That being said, the amount of anandamide in uni is extremely small. So, while you may feel a slight sense of bliss when you eat urchins, it won’t make you high.
The Best Way to Prepare Sea Urchins
Here’s a fun piece of information that may surprise you: there are about 18 edible varieties worldwide. Each one has a unique color, smell, and texture.
They do, however, have one thing in common: the gonads. To enjoy the delicious taste of sea urchins, you have to separate the five orange-colored pieces of meat on the inner walls of their spiny shells.
Before you begin, it’s better if you wear gloves to protect your hands from the sharp spikes. When you’re ready, carefully pick it up and make a hole on the flatter side of the urchin using scissors or a knife.
Allow the liquids to drain, then make a circle in the bottom part of the spiny shell. Work slowly and carefully around the spikes. The next step is to remove and throw out the base, as well as all the internal parts. When you’re done, gently wash it off with running water to remove any remains of the inedible parts.
Now that all that is out of the way, you’ll see the five orange-colored slices attached to the inner walls of the shell. Use your fingers or a spoon to scrape them out and place them in a bowl. You can now prepare them any way you like.
Why Are Sea Urchins So Expensive
There are many reasons why sea urchins are expensive. Let’s see what they are.
- There are only wild sea urchins because there are no viable sea urchin farms
- Urchins are harvested by hand
- Each urchin has only five small edible parts
- They must be eaten fresh
- The only prime harvesting season is between November to March
- It’s a delicacy and an acquired taste, so not many people consume it
Sea Urchin Benefits
Sea urchins are high in minerals and nutrients. They get them mainly from their kelp diet, just the same as other marine invertebrates.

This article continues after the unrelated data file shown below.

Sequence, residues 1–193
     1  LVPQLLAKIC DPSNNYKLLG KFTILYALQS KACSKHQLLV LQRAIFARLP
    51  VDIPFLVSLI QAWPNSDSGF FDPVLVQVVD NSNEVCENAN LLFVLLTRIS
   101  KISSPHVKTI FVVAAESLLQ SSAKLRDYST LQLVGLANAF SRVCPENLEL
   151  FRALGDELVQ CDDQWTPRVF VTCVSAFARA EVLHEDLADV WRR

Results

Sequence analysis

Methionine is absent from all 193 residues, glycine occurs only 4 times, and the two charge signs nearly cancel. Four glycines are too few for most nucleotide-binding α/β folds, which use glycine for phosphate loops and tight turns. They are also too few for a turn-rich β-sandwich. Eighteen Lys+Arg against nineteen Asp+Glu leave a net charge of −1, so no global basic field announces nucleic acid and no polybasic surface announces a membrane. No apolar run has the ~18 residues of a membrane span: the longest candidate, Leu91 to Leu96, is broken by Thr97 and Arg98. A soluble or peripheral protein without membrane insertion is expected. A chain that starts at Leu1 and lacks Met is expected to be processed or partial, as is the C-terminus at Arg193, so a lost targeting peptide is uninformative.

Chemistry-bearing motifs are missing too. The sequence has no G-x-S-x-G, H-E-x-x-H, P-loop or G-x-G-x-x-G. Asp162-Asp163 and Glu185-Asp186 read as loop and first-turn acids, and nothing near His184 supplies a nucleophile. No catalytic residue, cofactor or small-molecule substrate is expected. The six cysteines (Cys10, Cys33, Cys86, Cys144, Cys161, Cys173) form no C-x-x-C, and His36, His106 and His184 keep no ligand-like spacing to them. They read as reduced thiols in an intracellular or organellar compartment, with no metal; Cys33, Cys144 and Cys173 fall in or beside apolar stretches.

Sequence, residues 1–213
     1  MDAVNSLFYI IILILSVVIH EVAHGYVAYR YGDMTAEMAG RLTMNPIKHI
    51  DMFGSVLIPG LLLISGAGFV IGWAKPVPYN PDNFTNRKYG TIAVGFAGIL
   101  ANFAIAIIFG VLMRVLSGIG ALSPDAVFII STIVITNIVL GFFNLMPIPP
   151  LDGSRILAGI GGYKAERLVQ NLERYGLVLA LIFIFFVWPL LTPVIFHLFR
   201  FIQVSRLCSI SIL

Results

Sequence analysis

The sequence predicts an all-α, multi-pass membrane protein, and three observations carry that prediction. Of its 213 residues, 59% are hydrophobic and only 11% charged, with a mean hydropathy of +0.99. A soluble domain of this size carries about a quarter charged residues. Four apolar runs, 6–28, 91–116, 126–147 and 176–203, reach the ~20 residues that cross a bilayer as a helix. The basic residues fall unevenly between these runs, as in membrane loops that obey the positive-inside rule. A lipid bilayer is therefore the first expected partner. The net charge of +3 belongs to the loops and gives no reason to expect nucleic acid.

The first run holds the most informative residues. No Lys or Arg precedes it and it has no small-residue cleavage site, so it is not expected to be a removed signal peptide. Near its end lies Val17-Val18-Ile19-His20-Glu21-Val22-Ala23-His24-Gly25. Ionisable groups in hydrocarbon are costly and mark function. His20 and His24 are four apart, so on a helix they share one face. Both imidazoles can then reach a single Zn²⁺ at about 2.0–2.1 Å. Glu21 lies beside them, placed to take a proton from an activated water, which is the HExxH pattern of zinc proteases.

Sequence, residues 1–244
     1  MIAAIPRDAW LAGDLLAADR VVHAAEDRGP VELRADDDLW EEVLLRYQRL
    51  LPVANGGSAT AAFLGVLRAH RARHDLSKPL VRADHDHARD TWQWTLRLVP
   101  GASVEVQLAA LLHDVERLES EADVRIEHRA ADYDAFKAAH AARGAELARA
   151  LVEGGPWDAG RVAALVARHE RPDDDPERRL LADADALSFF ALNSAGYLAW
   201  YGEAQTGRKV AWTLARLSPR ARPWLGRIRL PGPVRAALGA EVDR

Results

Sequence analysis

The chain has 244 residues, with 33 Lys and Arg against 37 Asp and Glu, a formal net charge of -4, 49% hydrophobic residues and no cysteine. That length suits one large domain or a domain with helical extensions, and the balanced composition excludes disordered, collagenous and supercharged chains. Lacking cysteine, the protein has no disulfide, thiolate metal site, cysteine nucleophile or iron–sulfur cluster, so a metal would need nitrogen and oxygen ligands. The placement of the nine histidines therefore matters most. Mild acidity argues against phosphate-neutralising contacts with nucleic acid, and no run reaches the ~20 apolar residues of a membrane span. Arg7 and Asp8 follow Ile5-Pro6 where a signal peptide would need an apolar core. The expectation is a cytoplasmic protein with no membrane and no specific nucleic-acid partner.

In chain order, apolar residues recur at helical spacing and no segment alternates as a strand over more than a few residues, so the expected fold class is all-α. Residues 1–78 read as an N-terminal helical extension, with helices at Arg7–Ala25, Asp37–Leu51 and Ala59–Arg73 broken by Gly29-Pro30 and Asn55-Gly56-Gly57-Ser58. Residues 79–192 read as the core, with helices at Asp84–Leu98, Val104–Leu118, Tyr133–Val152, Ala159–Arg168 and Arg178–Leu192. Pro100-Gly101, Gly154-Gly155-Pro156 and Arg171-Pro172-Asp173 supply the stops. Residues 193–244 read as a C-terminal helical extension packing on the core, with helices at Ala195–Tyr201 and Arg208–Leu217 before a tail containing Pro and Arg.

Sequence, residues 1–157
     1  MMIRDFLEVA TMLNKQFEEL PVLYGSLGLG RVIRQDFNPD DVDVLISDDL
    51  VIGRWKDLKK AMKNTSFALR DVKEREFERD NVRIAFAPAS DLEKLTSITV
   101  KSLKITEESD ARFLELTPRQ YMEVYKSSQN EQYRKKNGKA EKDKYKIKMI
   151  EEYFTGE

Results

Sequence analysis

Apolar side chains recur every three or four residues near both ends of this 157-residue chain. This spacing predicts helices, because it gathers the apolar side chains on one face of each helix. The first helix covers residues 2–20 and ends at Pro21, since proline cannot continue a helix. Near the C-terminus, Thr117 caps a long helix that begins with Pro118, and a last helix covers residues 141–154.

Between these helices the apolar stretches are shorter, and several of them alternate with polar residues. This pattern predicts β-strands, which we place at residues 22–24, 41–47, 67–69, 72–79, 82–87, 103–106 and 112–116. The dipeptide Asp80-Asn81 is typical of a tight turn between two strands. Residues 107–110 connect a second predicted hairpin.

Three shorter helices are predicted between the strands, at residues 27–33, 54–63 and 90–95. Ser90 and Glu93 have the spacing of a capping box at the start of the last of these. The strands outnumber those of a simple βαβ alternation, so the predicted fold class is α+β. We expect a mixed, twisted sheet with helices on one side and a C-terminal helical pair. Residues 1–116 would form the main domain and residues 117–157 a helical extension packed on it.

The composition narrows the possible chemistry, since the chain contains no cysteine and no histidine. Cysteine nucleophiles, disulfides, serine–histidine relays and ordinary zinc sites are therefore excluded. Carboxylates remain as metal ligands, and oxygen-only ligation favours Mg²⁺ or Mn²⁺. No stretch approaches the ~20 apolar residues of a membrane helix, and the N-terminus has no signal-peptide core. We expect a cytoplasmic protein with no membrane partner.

Not only that, but urchins promote good blood circulation. They also reduce high blood pressure and boost the immune system.
However, urchins are different from other types of seafood in that they have low amounts of mercury and lead. Tuna, for example, contains high amounts of mercury, which can cause permanent neurological damage. This means that when you eat urchins, there’s a reduced risk of neurological damage.
Some of the nutrients found in urchins include:
- Dietary fiber
- Zinc, found in crabs, lobsters, poultry, and red meat
- Beta carotene, which is also found in carrots and other colorful vegetables
- Vitamins C, E, and A, which are also found in dark leafy greens
- Omega-3 fatty acids, like many other types of fatty fish
- Calcium, found in dairy foods and green leafy vegetables
- Iodine, which is also found in tuna, shrimp, milk, cheese, and yogurt
To Sum Up
Now, when anyone asks you, “Can you eat sea urchins, and how does it taste?” you can tell them all about these delicate little gourmet foods. Tell them how urchins have a creamy, custard-like texture and fresh, briny flavor. Also, tell them about the delicious ways they can be prepared.
For first-timers, the whole experience can be a little bit intimidating. Yet, with such a rich and unique taste, it’s no wonder that food lovers hail these delicacies as an amazing culinary discovery!